Christopher Newport University


Top business leaders offer career advice to Christopher Newport students at unique BusX conference

Students at Christopher Newport University’s top-ranked Luter School of Business won’t go to class on February 21,  but it may prove to be one of the most beneficial days of their college careers.

Luter is hosting its bi-annual BusX conference that brings top executives to campus for a varied series of seminars, networking events and casual hallway conversations. Luter classes are canceled on the 21 for the duration of the conference. BusX begins the night before with a reception and dinner for students, faculty and conference participants.

Among the highlights this year will be keynote addresses by Brenda Snow, founder and CEO of Snow Companies, and by Brian Eakes (BA ‘91), senior vice president of Legg Mason. Eakes is a global finance expert at Legg Mason, an international investment management firm headquartered in Baltimore. Snow, who was diagnosed with multiple sclerosis, started her company in Williamsburg to connect patients with chronic conditions to pharmaceutical companies. She twice was named one of the 100 Most Inspiring People in her industry.

The seminars, with Christopher Newport alumni and business leaders as panelists, cover current topics in business with titles such as Breaking Barriers: Women in Business, The Suite Life: Conversations from the Corner Office, and Thriving in a Generationally Diverse Workplace.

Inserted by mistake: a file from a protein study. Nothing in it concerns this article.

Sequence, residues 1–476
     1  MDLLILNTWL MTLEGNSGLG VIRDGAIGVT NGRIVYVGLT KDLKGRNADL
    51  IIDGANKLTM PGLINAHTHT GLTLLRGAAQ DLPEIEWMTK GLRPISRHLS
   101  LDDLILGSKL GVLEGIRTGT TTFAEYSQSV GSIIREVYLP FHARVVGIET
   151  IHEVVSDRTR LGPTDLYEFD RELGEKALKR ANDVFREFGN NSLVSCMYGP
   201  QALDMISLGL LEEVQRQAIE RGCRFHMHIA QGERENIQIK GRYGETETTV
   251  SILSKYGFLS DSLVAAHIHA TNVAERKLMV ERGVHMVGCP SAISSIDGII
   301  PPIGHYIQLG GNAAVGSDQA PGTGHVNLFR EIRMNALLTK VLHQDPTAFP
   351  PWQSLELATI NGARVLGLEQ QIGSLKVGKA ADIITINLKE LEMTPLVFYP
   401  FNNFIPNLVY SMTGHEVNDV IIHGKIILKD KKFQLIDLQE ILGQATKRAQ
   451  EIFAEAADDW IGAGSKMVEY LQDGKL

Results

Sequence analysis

“We don’t make the decision to cancel classes lightly,” said Luter School of Business Dean George H. Ebbs. “BusX will more than make up for what they miss in a classroom. This is a remarkable opportunity for students considering career paths or graduate degrees to get insight from knowledgeable professionals. If the 2017 inaugural BusX conference is any guide, the students will also make connections that have the potential of changing their lives and launching their careers.”

The Luter School was recently ranked among the top four in Virginia and top 45 in the country for undergraduate education, according to the business education news outlet Poets & Quants. The school received especially high marks for its career outcomes. That assessment was based on the percentage of students in the Class of 2018 with internships before graduation and with full-time jobs within three months of graduation. Their average salary and signing bonus was also a factor.

Wednesday, February 20, 2019

Luter Hall

Luter School of Business
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